Strange poll results in South Carolina.

Real Clear Politics has posted poll results on September 30th and October 1st from two different organizations: Rasmussen and American Research Group. The polls cover roughly the same period yet they come up with drastically different results.

Thompson: 10
Giuliani: 23
Romney: 26

Thompson: 24
Giuliani: 20
Romney: 15

Rasmussen's numbers are more in line with the other polls that have been taken. I think there is something dramatically wrong with the American Research Group poll. Their other polls seem to be ok, but this one seems really off.

The Media Comments on Fundraising

No surprises here. The early numbers, as previously reported, are that Fred has raised over $8M in Q3. It looks like Romney will report having raised $10M in the same period and that he loaned his campaign $6-7M in the same period. The patently liberal MSNBC blog Firstread is commenting on how much of a struggle Fred is having:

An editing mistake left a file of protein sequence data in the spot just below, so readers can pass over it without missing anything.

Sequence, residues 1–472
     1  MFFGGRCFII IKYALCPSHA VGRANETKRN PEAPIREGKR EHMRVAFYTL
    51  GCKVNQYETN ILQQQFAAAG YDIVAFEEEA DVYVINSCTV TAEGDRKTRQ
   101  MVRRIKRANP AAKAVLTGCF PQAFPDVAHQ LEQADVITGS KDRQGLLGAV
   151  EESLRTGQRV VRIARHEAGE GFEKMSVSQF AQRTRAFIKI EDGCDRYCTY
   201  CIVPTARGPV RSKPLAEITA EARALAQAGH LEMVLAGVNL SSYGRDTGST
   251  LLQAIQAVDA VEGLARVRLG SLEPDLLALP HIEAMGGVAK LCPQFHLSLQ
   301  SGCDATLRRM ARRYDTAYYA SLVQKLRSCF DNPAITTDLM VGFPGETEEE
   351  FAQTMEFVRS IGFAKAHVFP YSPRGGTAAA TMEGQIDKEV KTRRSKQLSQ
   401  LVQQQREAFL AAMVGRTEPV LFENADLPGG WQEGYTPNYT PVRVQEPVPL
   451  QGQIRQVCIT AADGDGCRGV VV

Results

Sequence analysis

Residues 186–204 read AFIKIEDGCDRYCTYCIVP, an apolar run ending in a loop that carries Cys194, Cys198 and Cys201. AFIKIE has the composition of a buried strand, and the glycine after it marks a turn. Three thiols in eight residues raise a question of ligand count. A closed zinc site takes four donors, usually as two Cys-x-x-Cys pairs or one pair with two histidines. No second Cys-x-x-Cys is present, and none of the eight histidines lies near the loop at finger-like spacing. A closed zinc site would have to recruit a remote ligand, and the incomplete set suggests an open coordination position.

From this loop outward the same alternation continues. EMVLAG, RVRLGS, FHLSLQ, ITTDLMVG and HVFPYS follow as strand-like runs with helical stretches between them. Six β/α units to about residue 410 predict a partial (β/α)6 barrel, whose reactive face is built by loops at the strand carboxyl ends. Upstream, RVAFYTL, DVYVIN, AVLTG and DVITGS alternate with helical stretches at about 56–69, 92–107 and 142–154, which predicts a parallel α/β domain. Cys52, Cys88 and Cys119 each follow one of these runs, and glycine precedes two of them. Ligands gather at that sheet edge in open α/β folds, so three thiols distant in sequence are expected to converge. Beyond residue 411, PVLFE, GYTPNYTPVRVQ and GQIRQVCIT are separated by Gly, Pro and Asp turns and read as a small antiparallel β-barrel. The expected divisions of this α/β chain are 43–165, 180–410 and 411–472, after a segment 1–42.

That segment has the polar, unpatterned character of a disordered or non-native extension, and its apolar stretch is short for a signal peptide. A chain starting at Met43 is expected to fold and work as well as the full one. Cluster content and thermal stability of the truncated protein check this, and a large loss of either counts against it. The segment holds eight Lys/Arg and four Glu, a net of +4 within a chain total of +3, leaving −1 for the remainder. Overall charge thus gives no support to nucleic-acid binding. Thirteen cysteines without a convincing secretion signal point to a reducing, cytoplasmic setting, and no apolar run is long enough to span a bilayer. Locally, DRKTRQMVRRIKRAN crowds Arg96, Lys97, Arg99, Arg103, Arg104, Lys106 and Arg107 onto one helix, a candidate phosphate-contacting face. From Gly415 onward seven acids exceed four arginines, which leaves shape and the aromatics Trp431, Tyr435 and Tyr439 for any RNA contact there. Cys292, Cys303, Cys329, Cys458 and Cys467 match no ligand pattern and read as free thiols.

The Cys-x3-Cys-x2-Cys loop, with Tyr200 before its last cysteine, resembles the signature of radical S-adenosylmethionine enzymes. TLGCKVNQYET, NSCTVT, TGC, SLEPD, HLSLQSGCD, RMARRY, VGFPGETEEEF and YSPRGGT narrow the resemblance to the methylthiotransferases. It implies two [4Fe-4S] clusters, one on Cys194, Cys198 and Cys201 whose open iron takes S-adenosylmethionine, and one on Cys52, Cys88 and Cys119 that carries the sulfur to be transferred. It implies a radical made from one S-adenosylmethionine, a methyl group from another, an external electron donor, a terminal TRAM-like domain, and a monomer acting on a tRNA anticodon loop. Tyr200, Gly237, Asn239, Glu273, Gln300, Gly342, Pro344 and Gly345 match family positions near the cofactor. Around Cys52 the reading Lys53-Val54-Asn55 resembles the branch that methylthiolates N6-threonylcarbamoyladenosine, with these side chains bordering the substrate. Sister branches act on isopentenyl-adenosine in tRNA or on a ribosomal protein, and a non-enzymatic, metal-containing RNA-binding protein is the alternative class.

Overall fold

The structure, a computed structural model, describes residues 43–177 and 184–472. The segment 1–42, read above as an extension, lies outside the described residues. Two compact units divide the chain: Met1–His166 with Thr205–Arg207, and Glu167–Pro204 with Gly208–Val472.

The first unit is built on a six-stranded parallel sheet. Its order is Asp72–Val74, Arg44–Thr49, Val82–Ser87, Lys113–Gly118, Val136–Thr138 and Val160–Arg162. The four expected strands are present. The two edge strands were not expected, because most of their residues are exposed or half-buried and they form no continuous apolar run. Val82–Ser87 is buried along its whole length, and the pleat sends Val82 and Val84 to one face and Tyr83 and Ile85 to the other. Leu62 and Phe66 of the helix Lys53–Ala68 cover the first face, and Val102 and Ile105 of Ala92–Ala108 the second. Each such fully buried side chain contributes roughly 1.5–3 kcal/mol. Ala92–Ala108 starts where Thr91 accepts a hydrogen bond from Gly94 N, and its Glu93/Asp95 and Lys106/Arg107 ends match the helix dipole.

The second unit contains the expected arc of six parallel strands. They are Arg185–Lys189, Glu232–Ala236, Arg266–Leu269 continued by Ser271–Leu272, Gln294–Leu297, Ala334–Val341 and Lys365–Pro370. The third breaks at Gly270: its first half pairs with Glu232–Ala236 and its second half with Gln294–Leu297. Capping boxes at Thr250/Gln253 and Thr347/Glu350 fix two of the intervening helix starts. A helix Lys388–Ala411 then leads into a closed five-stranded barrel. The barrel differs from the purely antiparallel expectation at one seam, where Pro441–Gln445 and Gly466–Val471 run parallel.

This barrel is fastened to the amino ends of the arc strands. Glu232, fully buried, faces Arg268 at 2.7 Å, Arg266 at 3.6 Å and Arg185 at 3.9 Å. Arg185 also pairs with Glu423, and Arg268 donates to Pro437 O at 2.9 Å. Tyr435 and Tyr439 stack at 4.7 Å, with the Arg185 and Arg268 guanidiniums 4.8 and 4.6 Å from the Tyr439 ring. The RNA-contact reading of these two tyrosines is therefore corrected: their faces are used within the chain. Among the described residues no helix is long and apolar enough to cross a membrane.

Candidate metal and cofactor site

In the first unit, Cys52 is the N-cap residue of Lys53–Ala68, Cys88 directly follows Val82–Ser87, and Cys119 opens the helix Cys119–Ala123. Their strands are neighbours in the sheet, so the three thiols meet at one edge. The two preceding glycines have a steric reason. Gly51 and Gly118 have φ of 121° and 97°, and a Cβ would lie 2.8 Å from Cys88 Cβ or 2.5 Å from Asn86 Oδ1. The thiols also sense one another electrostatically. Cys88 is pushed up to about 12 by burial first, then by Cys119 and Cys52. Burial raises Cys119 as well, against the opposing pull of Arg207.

Here's something to compare Thompson's money to: the 1st Q numbers of his three main rivals: Romney raised 21.2M; Giuliani raised 16.6M; McCain raised 13M.

By comparison, Fred’s $7-8M (or even $10 million) this quarter is not great.
As usual they miss critical information. Q3 is not Q1. Q3 is traditionally a very slow time for contribution generally. Fred was only a candidate for one month of the three months of the quarter. The campaign tried to manage expectations by floating a $5M number last week, but even that cannot slow down those who seem to want to beat Fred down.

I really do think this is indicative of their fear of what Fred means to the election cycle. Possibly it is indicative of the fears of the beltway media about a FDT campaign.

Preliminary Fundraising Numbers

CBS is reporting that FDT will report "over" $8 million. This is dramatically more than the $5 million that was being floated last week, which is probably indicative of trying to control expectations better than in the second quarter.

But like the second quarter, it needs to be remembered that Fred only announced that he was officially running for President in September. So he only had one month of full candidacy for raising money. I also believe that there is a lot of money sitting on the sidelines waiting for Newt to decide on whether or not he is running.

My hope is that Newt will soon announce support for Fred and much of the money that would have gone to him will start coming into FDT's campaign.